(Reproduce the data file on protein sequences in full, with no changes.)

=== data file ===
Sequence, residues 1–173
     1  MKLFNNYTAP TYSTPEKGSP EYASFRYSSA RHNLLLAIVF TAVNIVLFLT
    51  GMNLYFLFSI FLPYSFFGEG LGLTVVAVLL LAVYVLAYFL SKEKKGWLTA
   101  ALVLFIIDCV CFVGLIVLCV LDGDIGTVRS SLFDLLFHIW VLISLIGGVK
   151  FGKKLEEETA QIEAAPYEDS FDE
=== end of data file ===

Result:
Sequence, residues 1–173
     1  MKLFNNYTAP TYSTPEKGSP EYASFRYSSA RHNLLLAIVF TAVNIVLFLT
    51  GMNLYFLFSI FLPYSFFGEG LGLTVVAVLL LAVYVLAYFL SKEKKGWLTA
   101  ALVLFIIDCV CFVGLIVLCV LDGDIGTVRS SLFDLLFHIW VLISLIGGVK
   151  FGKKLEEETA QIEAAPYEDS FDE